There is something unique to the qualities of people who gravitate to the nonprofit world. Whatever their cause, they are sustained by passion and commitment. When you casually ask: “how’s work?” and they get fired up with their reply, well, it still gives me a chill.
Location: San Francisco, California
Profession: Executive Director of American Jewish World Service (AJWS), San Francisco and the Western Region.
Twitter Handle: @alonshalevsf
What was the first charitable gift you ever gave?:
There was always a blue and white Jewish National Fund box at home, but I remember the Anti-Apartheid Movement or Amnesty International, as gifts I gave (rather than with my parents).
What is your charity of choice?:
I’m biased (because I work there), but I am so inspired by the work of AJWS. I love that we do not go into developing countries and arrogantly tell them what they need (and I was born and bred in England, the most colonialist country in history!). Rather we find established grassroots organizations and ask how we can help.
Who inspires you to give?:
Abraham Joshua Heschel said that in the face of injustice, some are guilty, but all are responsible. I have a strong image of my grandfather, quite poor himself, giving away his change to less fortunate.
My grandparents were poor and lived on welfare. One of my earliest memories is of each parent leaving money ‘secretly’ for their own parents as if the other didn’t know about it. My grandfather on my mother’s side was an Orthodox Jew and went to shul every morning. He always gave his change away to people panhandling and this desire to be charitable had a profound effect on me.
What motivates you to give?:
My Jewish values – I am not inspired by prayer or study, but the Jewish values that we are compelled to do our part to create a better world. British Jews carry the knowledge that only 22 miles of ocean separated our community from the Holocaust. It might sound over dramatic, but I feel I have a debt to repay and a responsibility to ensure that human and civil rights are defended everywhere.
How do you give of your time?:
The San Francisco Food Bank is a favorite. You stand around doing menial work and talk with great people. I have become quite adept at judging pouring 8oz of white rice into plastic bags (the trick is to flick some of the grain off of the second scoop!).
My ‘usual’ station was always filling 8oz of white rice from a big sack into small bags that were then sealed and put into food boxes. It is a menial and mechanical job and freed me to talk with my fellow volunteers. Many are there for ideological reasons, while others were doing community service to pay off parking tickets. They just added to the richness of the conversations. I went once a month for a long time. Since changing jobs this has languished, but would make a good New Year’s resolution.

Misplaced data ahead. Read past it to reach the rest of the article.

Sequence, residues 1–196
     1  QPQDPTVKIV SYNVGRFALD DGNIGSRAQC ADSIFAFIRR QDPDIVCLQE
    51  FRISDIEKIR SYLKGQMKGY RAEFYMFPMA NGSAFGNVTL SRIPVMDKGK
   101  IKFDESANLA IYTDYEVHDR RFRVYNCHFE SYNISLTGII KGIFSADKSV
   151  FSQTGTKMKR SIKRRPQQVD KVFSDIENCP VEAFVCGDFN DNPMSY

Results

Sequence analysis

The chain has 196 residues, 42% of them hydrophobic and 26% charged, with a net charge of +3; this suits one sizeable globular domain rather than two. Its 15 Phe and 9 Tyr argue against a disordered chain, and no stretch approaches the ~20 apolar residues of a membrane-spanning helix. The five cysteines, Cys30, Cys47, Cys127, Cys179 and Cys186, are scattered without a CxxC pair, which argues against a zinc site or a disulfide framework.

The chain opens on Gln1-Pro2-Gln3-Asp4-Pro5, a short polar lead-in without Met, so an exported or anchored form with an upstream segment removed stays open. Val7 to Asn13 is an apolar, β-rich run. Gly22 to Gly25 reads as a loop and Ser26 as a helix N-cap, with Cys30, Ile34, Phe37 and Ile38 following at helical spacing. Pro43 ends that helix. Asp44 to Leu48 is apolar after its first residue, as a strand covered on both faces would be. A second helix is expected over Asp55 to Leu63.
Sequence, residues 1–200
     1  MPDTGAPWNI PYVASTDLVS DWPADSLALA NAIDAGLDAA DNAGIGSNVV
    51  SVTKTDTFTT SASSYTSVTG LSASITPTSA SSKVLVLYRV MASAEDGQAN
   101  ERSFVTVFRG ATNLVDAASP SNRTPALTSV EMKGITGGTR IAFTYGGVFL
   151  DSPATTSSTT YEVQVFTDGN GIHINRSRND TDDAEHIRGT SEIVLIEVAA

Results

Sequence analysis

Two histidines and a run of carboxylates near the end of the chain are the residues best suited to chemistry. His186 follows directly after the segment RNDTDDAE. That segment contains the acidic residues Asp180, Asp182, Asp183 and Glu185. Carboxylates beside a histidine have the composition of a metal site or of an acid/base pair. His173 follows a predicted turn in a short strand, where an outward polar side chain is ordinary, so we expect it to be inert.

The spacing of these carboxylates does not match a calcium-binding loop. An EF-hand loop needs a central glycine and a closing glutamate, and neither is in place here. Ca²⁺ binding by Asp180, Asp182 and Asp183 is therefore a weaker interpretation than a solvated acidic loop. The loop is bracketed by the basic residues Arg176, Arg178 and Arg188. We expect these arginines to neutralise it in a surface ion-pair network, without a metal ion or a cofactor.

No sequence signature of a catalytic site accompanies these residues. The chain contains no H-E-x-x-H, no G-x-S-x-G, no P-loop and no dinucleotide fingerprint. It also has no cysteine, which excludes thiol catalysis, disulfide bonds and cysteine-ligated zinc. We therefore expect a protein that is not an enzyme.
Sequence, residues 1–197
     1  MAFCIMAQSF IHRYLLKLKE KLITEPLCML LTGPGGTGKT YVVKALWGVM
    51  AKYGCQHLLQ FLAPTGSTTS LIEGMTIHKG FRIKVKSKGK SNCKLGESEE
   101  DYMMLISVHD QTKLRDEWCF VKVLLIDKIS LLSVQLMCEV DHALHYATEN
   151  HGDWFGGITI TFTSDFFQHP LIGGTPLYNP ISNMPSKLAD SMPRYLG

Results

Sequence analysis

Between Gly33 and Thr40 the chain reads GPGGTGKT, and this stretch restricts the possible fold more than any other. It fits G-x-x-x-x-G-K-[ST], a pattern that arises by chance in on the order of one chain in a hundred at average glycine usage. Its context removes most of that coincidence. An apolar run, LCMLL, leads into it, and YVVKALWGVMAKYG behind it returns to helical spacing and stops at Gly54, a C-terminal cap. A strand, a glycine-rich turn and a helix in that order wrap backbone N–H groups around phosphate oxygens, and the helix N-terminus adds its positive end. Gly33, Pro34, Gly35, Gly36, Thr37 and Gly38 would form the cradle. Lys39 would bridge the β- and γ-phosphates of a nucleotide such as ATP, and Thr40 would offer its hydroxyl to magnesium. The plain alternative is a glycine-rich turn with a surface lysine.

The flip experience is Project Homeless Connect which every few months brings together multiple social service agencies under one roof to help the homeless (medical, dental, call relatives, clothes, books, meals etc.). I volunteer as a guide, walking a homeless person to the different services s/he requires. We talk. I hear their story. My novel, Unwanted Heroes is based on many of these stories.
What advice do you have for others to consider giving?:
Research. Ask good questions. Check for meaningful and sustainable accomplishments.
What drew you to work in this role?:
When I was eight, I had a Free Nelson Mandela sticker on my pencil case. The teacher told me to remove it and I refused (I was a generally well-behaved boy). She said I could keep it if I went in front of the class and told them who Nelson Mandela was and why he should be freed. I did and I haven’t closed my mouth since!
Who inspires you to raise money?:
The grantees – those receiving the money we raise. These are people who come from marginalized populations, poverty, abusive backgrounds, and desire to effect change for themselves and their communities. I read a lot of reports and watch videos etc. I recently traveled to India with a group of donors and am simply in awe at their commitment to provide their children with the opportunities they themselves were denied.
What drew you to work in the nonprofit field?:
The desire to feel that there is meaning in my work beyond the need to put food on the table for my family. In addition, there is something unique to the qualities of people who gravitate to the nonprofit world. Whatever their cause, they are sustained by passion and commitment. When you casually ask: “how’s work?” and they get fired up with their reply, well, it still gives me a chill.
What advice do you have for others considering the field?:
You need to believe in the cause. Not only will the donor know when you are reciting lines, but it will grow stale for you too. This job is too important and stressful to just go through the motions. Besides, you can hit cruise control elsewhere and get paid better.
Think strategic and be creative in finding solutions. Being part of a supportive staff is critical to getting through the tough times and feeding off each other’s energy.